In part II of our SaaSy Stories, we touched on the importance of SaaS Churn in understanding business performance and valuation. In this post we discuss Churn in more detail.
The Importance of Churn
Getting customers is one thing, keeping them another. Churn is the metric that defines this relationship and is a critical indicator of both value drivers – the ability to deploy capital (Grow sales) and the return on that capital (Customer payback).
Churn and Growth
Churn has a major impact on the growth potential of a business. As churn increases, companies must work harder to replace cancelled subscribers. Eventually growth stops.
The chart opposite highlights the impact of churn on the maximum subscriber base of the company for a given level of gross adds. Simplistically, the maximum number of subscribers is equal to Gross Adds/Churn. Note the important feature that in the early stages of growth, it is hard to distinguish the trajectories of the two businesses. It is not until businesses start to mature that the impacts of churn on valuation begin to be felt.
Churn and Return
The other way or viewing the impact of churn is on the return on investment for customer acquisition. As customer lifetime decreases (churn increases) there is an exponential decline in the return on investment for customer acquisition costs.
Note that this is not captured in customer payback – which will be the same whether churn is high or low. This is why its important to understand both payback, a measure of the risk of spending on customer acquisition and ROI, which highlights the true (expected) returns from this spend.
In a mechanical sense, the measurement of churn is easy. Its the percentage of customers that stop being customers over the period of measurement. If you start with 100 and only 95 of those are left at the end of the period, churn is 5%. However, some points to note:
- Churn is usually quoted monthly. The actual period doesn’t matter, so long as when calculating LTV, ROI etc, consistent periods are used for all variables.
- Churn can be reported as its inverse, called retention. Instead of churn of 5%, retention is 95%.
- Churn can be measured both at the customer level (often called Logo Churn) or at a revenue level. Revenue churn measures the amount of ARR from the start of the period that remains at the end. Thus it is possible to have high Logo churn with negative revenue churn. The revenue lost from churning customers is more than offset by the increased ARPU of retained customers.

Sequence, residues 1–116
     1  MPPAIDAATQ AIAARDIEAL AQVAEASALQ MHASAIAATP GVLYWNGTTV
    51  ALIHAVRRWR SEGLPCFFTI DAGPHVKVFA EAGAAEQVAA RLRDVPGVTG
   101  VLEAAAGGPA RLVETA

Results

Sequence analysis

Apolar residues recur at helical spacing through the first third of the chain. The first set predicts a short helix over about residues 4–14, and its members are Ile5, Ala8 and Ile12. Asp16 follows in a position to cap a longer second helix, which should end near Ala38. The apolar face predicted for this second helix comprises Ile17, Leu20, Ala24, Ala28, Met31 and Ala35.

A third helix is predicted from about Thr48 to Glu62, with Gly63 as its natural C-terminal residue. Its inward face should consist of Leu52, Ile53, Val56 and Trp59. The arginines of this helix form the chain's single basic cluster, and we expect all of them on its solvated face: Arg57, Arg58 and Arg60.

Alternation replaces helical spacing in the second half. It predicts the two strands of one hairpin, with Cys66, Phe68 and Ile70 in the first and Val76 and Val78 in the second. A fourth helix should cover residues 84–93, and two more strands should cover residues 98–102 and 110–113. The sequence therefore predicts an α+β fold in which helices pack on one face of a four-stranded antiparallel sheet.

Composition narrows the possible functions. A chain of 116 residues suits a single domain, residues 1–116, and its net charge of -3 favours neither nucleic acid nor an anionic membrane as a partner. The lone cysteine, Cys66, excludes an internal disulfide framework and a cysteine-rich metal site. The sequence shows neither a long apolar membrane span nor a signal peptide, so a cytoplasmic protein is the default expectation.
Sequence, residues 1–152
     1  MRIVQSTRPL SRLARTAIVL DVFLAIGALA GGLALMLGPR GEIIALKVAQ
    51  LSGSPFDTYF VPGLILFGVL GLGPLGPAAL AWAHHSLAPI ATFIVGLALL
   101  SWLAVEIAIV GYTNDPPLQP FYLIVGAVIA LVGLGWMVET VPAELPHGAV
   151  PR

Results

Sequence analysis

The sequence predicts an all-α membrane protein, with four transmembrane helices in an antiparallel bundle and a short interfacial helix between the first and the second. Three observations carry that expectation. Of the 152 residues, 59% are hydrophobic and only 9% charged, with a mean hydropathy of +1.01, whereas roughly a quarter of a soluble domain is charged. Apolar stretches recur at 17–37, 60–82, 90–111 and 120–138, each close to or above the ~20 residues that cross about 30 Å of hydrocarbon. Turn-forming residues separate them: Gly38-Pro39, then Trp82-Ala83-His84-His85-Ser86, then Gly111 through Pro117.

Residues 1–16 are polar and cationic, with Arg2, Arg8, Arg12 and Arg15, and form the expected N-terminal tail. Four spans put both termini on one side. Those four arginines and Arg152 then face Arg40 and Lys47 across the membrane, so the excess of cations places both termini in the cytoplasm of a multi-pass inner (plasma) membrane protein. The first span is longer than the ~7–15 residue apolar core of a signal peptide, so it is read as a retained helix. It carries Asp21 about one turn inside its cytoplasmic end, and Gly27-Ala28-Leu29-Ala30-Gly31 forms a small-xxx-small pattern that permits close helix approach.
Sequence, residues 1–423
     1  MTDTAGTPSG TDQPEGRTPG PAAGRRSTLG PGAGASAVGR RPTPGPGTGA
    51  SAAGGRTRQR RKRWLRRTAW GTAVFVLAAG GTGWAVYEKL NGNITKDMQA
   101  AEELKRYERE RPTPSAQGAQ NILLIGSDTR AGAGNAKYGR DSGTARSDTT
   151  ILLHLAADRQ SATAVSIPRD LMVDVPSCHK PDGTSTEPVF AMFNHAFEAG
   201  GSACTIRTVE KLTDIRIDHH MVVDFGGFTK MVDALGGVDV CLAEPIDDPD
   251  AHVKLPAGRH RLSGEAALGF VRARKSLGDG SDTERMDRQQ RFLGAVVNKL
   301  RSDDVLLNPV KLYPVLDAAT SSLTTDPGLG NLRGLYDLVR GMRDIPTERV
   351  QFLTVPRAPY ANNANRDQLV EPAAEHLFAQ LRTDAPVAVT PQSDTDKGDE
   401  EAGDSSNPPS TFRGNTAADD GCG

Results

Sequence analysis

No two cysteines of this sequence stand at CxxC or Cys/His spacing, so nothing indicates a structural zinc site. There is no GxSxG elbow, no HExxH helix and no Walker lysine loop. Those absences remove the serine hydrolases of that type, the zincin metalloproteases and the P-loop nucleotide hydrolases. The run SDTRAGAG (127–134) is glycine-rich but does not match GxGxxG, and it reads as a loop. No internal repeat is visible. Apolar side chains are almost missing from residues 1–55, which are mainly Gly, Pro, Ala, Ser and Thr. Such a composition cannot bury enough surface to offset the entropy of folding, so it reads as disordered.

- Churn is not necessarily linear over customer life cycles. Churn may be high to start with in a given cohort, but decrease as customer become attached to products, then increase again as new competitor products become available. Because of this non-linearity, aggregate churn numbers might not necessarily give a good indication of average customer lives and hence ROI calculations.
Because of the measurement issues noted above, a favourite way of analysing churn is via cohort analysis. This shows either customers numbers (or ARR) based on when the customer was acquired (the cohort). By looking at the performance of cohorts over time, it is easy to distinguish timing and mix issues on the reporting of aggregate level churn.
In interpreting these charts, rising revenue in a cohort indicates negative churn (a good thing) and falling revenue represents positive churn (a bad thing). The steeper the slope the higher the churn.
An alternative way to understand churn is via the Quick Ratio:
Quick Ratio = (New MRR + Expansion MRR) / (Churned MRR + Contraction MRR)
This measure balances both growth and churn, but distinguishes between growth with low churn (high Quick Ratio) which will be more sustainable and cost effective than growth with high churn (low Quick Ratio). A quick ratio of 4 is often quoted as being a benchmark for good SaaS performance, but it is important to note that as a company matures, its quick ratio will naturally trend downwards.
For callibration, the chart opposite describes a company with a Quick Ratio of 1.6.
Much like ARR growth rates, churn rates can be benchmarked between companies. Top quartile companies will have retention rates >90% (churn <1% month) and revenue retention >100% (i.e. negative revenue churn).
As noted an alternative benchmark is a quick ratio of 4.
The commentary above has been focussed on the analysis of churn, not its prediction. But in reasonably efficient markets, understanding how churn might change is potentially the point of value add.
One way of doing this is to understand how valuable customers find the product. In SaaS terms, this is often referred to as the North Star:
“MRR is the price that the customer pays, the North Star is the value that they get.”
The North Star metric will be different for each company, but it needs to show customer engagement with a product. If customers are engaging with a product, this is a good indication of the value they are receiving and therefore a good indication of their willingness to start or keep paying for it. Having customers is not sustainable if those customers don’t use (or like) the product. In addition to providing signals regarding churn, North Star metrics might also provide good insights into the ability of companies to increase prices.